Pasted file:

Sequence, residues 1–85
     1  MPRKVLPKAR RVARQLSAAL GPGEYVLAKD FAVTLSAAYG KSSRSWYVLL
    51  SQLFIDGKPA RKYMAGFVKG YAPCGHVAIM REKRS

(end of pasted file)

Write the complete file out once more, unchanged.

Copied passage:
Sequence, residues 1–85
     1  MPRKVLPKAR RVARQLSAAL GPGEYVLAKD FAVTLSAAYG KSSRSWYVLL
    51  SQLFIDGKPA RKYMAGFVKG YAPCGHVAIM REKRS